One last Linkfest from a now exhausted GSD blogger this weekend.
Cleaning out the “to-be-blogged” hopper is always rewarding, but I tend to get very behind on the weekend chores. My saving grace this weekend has been frequent scattered showers and an equally tired Lavie who hasn’t been interested in going out for shopping, groceries, or dining out. The kitchen has been cleaned. The laundry has been done for the week.
Next stop, a few hours of rest, post-blogging, then a wind-down with Endeavour on PBS Masterpiece.
Too Funny Not To Miss
Bloody galah scammers still not getting the message - Troy Hunt’s blog. Security guru Troy Hunt has had his fair share of “this is (not) Microsoft cold calling you…your PC is infected…let me remote control it” scams and has picked them all apart to the bone.
This time he takes a new angle…in a way that only an Aussie could pull off! This is a classic! Troy, please offer us some of those sound files or link to where we can get them! I need to put together a Texan sound-effect package for similar fun with unwanted callers. Brilliant!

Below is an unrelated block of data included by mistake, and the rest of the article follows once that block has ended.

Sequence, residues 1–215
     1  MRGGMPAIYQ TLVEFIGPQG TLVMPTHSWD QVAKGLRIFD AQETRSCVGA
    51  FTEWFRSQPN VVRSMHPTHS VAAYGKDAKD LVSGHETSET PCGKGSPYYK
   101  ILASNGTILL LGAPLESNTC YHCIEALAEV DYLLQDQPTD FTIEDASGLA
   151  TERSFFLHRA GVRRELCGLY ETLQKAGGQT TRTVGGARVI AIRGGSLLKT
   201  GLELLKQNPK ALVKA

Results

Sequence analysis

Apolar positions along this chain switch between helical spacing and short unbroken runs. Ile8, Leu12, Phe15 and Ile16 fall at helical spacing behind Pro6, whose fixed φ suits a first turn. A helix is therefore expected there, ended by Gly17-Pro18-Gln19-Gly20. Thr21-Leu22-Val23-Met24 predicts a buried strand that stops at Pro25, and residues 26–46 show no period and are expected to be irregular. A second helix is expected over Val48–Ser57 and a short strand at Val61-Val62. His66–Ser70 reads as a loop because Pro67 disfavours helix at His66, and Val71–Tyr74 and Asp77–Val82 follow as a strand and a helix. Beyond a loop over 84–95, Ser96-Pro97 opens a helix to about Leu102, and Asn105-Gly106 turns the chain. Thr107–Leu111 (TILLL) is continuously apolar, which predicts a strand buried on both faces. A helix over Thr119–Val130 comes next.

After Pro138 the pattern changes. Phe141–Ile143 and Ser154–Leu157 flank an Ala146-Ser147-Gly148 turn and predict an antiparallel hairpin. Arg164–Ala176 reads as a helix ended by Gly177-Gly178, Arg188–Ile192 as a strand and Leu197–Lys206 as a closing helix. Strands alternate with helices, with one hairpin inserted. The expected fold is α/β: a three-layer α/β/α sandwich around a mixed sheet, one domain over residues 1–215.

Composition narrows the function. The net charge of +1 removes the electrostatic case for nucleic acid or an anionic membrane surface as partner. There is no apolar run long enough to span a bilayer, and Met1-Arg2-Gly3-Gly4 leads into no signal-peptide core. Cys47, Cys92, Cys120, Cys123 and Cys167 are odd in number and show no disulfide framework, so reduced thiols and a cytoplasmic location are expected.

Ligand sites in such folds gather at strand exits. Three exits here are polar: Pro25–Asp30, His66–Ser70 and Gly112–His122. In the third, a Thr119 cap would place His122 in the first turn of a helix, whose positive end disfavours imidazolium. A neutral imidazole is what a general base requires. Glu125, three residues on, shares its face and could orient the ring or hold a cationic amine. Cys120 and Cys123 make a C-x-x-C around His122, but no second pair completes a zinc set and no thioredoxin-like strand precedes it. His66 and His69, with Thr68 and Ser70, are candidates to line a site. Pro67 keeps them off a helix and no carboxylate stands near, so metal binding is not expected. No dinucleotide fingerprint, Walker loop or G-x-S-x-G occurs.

Microsoft Security News
Microsoft Releases New Mitigation Guidance for Active Directory - Microsoft Security Blog
Overview of Microsoft`s "Best Practices for Securing Active Directory" - SANS Computer Forensics and Incident Response blog’s Mike Pilkington does a great summary and takeaway of the new AD mitigation guidance.
Security Awareness Training: Your First Line of Defense (Part 4) - WindowSecurity.com’s Deb Shinder discusses evaluating training effectiveness short and long-term.
See also these previous series posts:
- Security Awareness Training: Your First Line of Defense (Part 1)
- Security Awareness Training: Your First Line of Defense (Part 2)
- Security Awareness Training: Your First Line of Defense (Part 3)
Network Security, News and Techniques
Wireshark 1.8.9 and 1.10.1 Security Update - ISC Diary
Next up are some great and detailed video presentations from Sharkfest 2013
- Sharkfest 2013 - Wireshark Network Forensics (by Laura Chappell)
- Sharkfest 2013 - Trace File Sanitization NG (by Jasper Bongertz)
- Sharkfest 2013 - Attack Trends and Techniques (by Steve Riley)
- Sharkfest 2013 - Capture Limit of a Laptop, When does it Drop Packets? (by Chris Greer)
Recent Forensically Focused Posts
- HowTos - Windows Incident Response blog
- HowTo: Malware Detection, pt I - Windows Incident Response blog
- HowTo: Data Exfiltration - Windows Incident Response blog
- HowTo: Add Intelligence to Analysis Processes - Windows Incident Response blog